Terrestrial Ecosystem Ecology Lab

Terrestrial Ecosystem Ecology Lab

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Shadows reflected on a grassy landscape
Plato's cave allegory: What is it to know, and how is true learning achieved?


My research interests are broad. I am happy to supervise students in any aspect of terrestrial ecosystem ecology provided I feel that I can be of substantial assistance, and that the process of ongoing refinement of whatever questions/hypotheses/experiments are being addressed will both develop the student, and lead to innovative science.

Prospective graduate (and Queen’s undergraduate honours thesis students) who may be interested in joining the lab should e-mail me. Mature (i.e. older) students, and students with a Northern background, are particularly encouraged to apply, even if they are unsure about whether they have the necessary pre-requisite knowledge and experience. If possible, please provide some preliminary ideas and research questions that you would like to work on, and indicate why they are innovative. In developing those ideas, you might find this list of our lab's current research themes and questions (DOCX, 28KB) useful.

I am currently seeking students to work with me on the following projects:

  1. The influences of warmer climate and enhanced nutrient availability on the ecology and biogeochemistry of birch hummock tundra. One of the questions we are specifically interested in is: How do the differences between nitrogen and phosphorus biogeochemistry influence our understanding of the functioning of low arctic tundra ecosystems, and what are the implications of these differences for predicting climate change impacts on these ecosystems?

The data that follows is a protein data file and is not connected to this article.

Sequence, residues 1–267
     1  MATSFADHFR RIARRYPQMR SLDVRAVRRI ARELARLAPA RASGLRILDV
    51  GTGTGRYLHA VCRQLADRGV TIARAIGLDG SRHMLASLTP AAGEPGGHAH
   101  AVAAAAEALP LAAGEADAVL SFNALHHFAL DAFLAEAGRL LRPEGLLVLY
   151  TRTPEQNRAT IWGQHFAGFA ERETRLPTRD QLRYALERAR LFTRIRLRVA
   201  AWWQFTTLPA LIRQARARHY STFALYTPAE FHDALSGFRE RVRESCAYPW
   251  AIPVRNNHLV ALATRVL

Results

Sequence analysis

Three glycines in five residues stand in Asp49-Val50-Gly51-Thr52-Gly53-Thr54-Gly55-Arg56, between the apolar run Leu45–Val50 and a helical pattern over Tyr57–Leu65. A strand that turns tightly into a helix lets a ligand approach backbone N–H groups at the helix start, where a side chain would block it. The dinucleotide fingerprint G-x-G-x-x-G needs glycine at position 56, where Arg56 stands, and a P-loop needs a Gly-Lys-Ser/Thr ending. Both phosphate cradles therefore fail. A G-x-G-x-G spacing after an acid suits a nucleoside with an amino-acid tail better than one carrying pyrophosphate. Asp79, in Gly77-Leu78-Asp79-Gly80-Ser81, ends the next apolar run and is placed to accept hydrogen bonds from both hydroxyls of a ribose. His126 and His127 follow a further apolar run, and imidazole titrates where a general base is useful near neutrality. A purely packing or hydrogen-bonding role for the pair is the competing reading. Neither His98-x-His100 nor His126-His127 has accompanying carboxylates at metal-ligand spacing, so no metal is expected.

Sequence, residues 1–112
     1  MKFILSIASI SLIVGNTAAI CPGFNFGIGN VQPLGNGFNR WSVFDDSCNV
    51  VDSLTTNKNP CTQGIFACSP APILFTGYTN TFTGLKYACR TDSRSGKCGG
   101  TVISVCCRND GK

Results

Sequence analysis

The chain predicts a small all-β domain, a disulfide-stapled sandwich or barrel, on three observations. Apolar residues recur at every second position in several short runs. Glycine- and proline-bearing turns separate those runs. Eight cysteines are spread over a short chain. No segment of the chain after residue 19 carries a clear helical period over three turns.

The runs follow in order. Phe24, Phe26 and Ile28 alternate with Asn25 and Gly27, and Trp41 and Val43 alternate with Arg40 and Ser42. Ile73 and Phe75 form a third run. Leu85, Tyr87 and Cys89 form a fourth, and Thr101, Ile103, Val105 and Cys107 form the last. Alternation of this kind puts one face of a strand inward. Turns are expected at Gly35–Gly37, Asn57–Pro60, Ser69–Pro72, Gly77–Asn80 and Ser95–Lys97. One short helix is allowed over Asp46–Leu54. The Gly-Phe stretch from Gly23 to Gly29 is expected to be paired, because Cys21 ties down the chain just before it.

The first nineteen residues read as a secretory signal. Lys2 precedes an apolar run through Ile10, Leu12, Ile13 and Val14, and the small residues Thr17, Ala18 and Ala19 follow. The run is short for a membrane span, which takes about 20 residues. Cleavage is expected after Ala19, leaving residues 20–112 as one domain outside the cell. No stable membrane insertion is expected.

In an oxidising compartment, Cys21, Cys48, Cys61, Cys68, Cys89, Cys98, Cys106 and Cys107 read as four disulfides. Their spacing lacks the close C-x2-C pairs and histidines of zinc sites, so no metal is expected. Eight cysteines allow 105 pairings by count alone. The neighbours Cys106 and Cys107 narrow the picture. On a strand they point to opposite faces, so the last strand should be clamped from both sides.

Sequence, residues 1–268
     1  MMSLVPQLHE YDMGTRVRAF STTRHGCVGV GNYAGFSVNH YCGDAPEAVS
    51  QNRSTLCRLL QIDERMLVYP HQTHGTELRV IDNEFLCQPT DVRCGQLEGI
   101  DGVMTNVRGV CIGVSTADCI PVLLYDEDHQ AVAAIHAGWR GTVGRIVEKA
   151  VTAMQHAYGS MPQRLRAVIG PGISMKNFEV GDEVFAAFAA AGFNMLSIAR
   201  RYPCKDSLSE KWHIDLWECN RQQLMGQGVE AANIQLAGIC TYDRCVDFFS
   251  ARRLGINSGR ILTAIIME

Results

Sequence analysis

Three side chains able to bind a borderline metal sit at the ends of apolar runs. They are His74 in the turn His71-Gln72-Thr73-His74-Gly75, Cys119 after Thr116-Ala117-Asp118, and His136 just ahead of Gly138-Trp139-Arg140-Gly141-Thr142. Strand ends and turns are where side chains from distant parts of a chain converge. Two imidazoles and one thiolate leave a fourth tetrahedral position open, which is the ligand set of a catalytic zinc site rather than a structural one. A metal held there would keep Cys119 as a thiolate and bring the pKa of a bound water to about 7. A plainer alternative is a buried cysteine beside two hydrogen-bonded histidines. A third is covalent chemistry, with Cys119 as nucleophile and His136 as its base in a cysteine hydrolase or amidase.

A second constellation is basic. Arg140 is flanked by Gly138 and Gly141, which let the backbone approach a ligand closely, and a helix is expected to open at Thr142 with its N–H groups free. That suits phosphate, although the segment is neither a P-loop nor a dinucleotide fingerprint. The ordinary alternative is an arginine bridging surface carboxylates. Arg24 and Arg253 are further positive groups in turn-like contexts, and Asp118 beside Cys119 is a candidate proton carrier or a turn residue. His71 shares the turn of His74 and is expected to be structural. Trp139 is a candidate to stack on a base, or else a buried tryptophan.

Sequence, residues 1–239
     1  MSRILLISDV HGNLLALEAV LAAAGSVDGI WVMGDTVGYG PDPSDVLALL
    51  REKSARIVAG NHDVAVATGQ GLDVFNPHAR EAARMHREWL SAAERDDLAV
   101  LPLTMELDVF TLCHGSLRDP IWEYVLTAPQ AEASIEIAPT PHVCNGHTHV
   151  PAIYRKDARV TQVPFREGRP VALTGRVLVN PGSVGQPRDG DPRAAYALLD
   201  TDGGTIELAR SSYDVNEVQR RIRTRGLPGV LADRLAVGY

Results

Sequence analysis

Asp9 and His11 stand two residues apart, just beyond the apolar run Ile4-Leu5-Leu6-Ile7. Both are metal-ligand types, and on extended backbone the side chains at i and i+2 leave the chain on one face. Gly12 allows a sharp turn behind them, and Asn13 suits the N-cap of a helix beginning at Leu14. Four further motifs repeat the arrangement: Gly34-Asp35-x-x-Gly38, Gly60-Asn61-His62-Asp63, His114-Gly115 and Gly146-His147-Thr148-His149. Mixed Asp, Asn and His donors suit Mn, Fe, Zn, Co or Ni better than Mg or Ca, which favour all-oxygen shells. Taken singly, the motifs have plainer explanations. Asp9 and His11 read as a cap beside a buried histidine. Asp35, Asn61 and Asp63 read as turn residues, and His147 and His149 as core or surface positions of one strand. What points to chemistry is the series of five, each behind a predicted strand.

2. The biogeochemical significance of percolating snowmelt water into frozen porous soil in late winter on soil microbial communities and nutrient cycling.

  3. The impacts of high deer populations on the ecology of mixed deciduous forests in Ontario.

  4. The relative importance of top-down (deer herbivory) and bottom-up (water and nutrient availability) controls on primary production and plant community composition in temperate grasslands.

  5. The significance of tundra-forest differences in soil microbial and mesofaunal community composition on biogeochemical cycling under an advancing treeline.

photo of browsed birch plant
Some birch shoots near Daring Lake that may have been browsed by caribou
Photo of an ectoroot
Roots and some associated ectomycorrhizal tips from a birch plant near Daring Lake
Photo of Kate and Erik in the field
Kate Buckeridge and Erik Zufelt preparing to inject 15N tracer for one of Kate's Ph.D. thesis experiments... Erik got sufficiently good needle practice that he went on to successfully train as a medical doctor
Photo of Kate and Sonia in the Daring lab
Kate Buckeridge (doing soil extractions) and Sonia Nobrega in the lab tent at Daring Lake
Photo of a snow fence and soda lime
Sonia Nobrega setting up one of the soda lime incubations to measure cumulative CO2 release over winter in a snowfence plot (see Nobrega, Ecosystems 2007 in the Publications tab)
Photo of Dragana and others in the forest
Dragana Rakic, Linda Cameron, and Robyn Foote taking a break from fieldwork in a forest north of Kingston
Brian Ried with the trees at Daring
Brian Reid feeling proud of his stature relative to these very old tundra black spruce trees near the west end of Daring lake
Dragana with the spruce trees
Dragana Rakic admiring this very short and old 'krummholz' black spruce tree on the esker side near Daring Lake
Forest landscape
A patch of tall black spruce to the west end of Daring lake.

Queen's has many other research groups working in the Arctic and other Northern environments. Our lab group can and does collaborate with several of them. Furthermore, these faculty across Queen's work together to optimise the learning potential for our students by encouraging interdisciplinarity as well as by building ‘a sense of community’ that stimulates potential collaborations and ‘critical mass’.